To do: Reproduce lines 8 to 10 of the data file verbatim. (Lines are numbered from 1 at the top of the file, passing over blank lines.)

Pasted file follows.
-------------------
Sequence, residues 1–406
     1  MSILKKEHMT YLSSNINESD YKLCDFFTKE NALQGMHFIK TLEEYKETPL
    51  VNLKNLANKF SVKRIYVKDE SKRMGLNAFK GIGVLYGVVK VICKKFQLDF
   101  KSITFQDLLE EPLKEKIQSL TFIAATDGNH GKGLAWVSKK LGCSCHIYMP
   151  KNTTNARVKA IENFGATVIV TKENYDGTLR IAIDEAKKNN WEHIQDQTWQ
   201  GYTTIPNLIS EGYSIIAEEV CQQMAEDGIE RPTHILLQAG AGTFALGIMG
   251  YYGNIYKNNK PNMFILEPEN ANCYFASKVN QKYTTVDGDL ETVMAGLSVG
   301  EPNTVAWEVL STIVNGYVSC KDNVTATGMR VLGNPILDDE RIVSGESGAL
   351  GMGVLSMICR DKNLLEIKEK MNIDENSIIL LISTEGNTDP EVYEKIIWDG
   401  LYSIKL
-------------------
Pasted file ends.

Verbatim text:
   301  EPNTVAWEVL STIVNGYVSC KDNVTATGMR VLGNPILDDE RIVSGESGAL
   351  GMGVLSMICR DKNLLEIKEK MNIDENSIIL LISTEGNTDP EVYEKIIWDG
   401  LYSIKL